The following is an excerpt from The Great Kosher Meat War of 1902: Immigrant Housewives and the Riots That Shook New York City by Scott D. Seligman (Potomac Books, 2020).
Six: As Scarce around Essex Street as Ham Sandwiches
“When the holidays of the feast of Passover have ended next week, 150 to 200 meat markets on the East Side will go out of business,” the president of the East Side Hebrew Retail Butchers’ Kosher Guarantee and Benevolent Association, which represented the neighborhood’s kosher butchers, predicted on April 17, 1902.
The Lower East Side butchers were hurting, and more than their nonkosher counterparts. Citywide, sales of kosher meat had plummeted from six hundred thousand pounds a week to about half that amount. Even at sixteen cents a pound there was no profit in meat, and most, if they were selling at all, were doing so at a loss.
“Three months ago my sales amounted to $55 a day,” Max Rosen of Ludlow Street reported. “Today I have sold $1.90 worth of meat.” And Jacob Bacharach, who operated on Hester Street, complained that he had not sold any meat in more than a week.
But the poor were hurting even more. The papers were full of poignant stories. “The sights to be seen at some of the small butcher shops are pathetic,” the New York Tribune wrote. “Women whose husbands allow them 30 or 40 cents a day to provide the family food for the day wistfully price the different scraps of meat and bone, trying to find some piece so undesirable that their scanty funds can secure it. The refuse in the shops is greedily snapped up at from ten to fifteen cents a pound. Women hasten back to the tenements closely grasping the few ounces of meat they have secured. Even the children are sent out to haggle with dealers in the hope of getting better terms.”
The New York World published the plaintive story of a babushka– clad woman with an infant in her arms and three other children in tow. Her Essex Street butcher was now obliged to charge her seventeen cents a pound for a piece of soup meat. She had gone into his shop to plead for a dime’s worth of scraps to make a broth for her consumptive husband.
“The attitude of the East Side to this situation is one of protest—not violent, for the people are too used to oppression to be deeply moved,” the Tribune observed. “The factory work man who has had meat for one meal in the day will be obliged to subsist without it. Men are working 14 and 16 hours a day in factories and in sweatshops and subsisting from week’s end to week’s end without meat. Canned goods to some extent supply the place. Vegetables are introduced into the meager bill of fare, but East Side vegetables are neither very fresh, since they come from pushcarts, nor likely in the long run to be very healthful.”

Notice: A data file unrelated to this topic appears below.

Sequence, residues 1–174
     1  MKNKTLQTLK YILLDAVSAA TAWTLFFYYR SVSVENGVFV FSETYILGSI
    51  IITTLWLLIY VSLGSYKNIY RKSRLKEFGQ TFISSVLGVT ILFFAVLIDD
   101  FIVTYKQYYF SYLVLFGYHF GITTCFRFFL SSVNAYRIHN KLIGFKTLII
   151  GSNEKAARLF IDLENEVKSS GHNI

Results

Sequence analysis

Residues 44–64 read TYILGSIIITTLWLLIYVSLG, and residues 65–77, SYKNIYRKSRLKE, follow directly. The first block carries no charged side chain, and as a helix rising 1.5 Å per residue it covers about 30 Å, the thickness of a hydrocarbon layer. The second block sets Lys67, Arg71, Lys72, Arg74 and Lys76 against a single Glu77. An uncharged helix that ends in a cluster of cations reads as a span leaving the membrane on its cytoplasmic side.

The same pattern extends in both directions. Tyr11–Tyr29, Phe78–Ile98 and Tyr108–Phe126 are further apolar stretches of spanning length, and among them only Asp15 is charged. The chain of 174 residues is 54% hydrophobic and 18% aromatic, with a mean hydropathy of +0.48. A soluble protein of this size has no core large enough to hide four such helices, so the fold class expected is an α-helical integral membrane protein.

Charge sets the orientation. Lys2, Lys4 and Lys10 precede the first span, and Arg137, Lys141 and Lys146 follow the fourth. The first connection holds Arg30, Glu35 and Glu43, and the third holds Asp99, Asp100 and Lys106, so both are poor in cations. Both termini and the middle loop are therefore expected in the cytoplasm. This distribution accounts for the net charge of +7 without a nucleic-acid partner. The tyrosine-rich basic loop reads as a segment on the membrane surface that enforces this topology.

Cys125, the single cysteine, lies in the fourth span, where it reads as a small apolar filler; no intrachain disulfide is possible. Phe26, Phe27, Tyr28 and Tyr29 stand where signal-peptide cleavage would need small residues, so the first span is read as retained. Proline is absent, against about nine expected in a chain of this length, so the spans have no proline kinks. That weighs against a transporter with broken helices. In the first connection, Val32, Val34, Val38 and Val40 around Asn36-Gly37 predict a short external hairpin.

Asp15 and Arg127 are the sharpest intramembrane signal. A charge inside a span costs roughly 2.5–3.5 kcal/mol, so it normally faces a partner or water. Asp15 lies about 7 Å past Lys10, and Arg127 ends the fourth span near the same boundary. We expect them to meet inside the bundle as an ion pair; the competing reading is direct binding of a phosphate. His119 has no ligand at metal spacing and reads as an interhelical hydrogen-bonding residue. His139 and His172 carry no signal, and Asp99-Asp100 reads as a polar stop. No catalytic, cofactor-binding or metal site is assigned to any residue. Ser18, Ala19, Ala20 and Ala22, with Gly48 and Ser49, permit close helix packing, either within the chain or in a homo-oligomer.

At least one manufacturer of processed foods saw opportunity in the crisis. The Quaker Oats Company took out advertisements in the Yiddish press touting the health benefits of rolled oats. “If you begin the day with Quaker Oats you’ll work better, sleep better and be in the best health and spirits,” it told Jewish readers in an ad entitled “Stop! Don’t Eat Meat for Breakfast,” though it’s far from clear how many Jewish families actually were eating meat for breakfast.
New York’s Jewish butchers had actually seen this problem coming since at least 1896, when their association, formed to represent the interests of the kosher butchers to the slaughterhouses and the speculators, first passed resolutions condemning the emerging “Beef Trust,” a term by which they meant local abattoirs. The association president at the time had told the Tribune that prices had risen as a result of collusion among these slaughterhouses. The five hundred butchers he represented had been refused an explanation for the hike. They believed the slaughterhouses were not only fixing prices, but also planning to dispense with competition by dividing the local butchers among themselves and permitting each to buy from only one house.
By 1902 New York was home to three principal kosher slaughterhouses: Schwarzschild & Sulzberger, United Dressed Beef, and, to a lesser extent, Joseph Stern & Sons.7 All three were German-J ewish owned, a fact that did not go unnoticed by the rabbi at Henry Street’s B’nai B’rith Synagogue, who complained to the World that “if they have conspired against the people to raise the price of meat unwarrantably, they have transgressed the teachings of their faith.” It was a shot across the bow at the likes of Ferdinand Sulzberger, Joseph L. Stern, and Isaac Blumenthal (the president of United Dressed Beef), who were suspected of being part of the conspiracy.
Meat prices had risen for everyone, of course, and the nonkosher butchers were also agitated. They mused about bypassing the Trust entirely by purchasing cattle in quantity from the West and bringing them to New York themselves. It was a naïve idea, because the Trust would never have permitted the railroads to service them, and it had the clout to impose its will. But in any event, the Hebrew butchers, whose shops were now closing at the rate of a dozen a day, were in need of more immediate remedies.
“The Jewish butchers in greater New York can no longer sustain the yoke of the armful Meat Trust,” the Orthodox Yidishes Tageblatt opined. “The Trust has taken away from them every possibility to make a living. . . . Many have had to give up their shops, and those who are still struggling are hanging by a thread.”
It was obvious the time had come for their association to take action.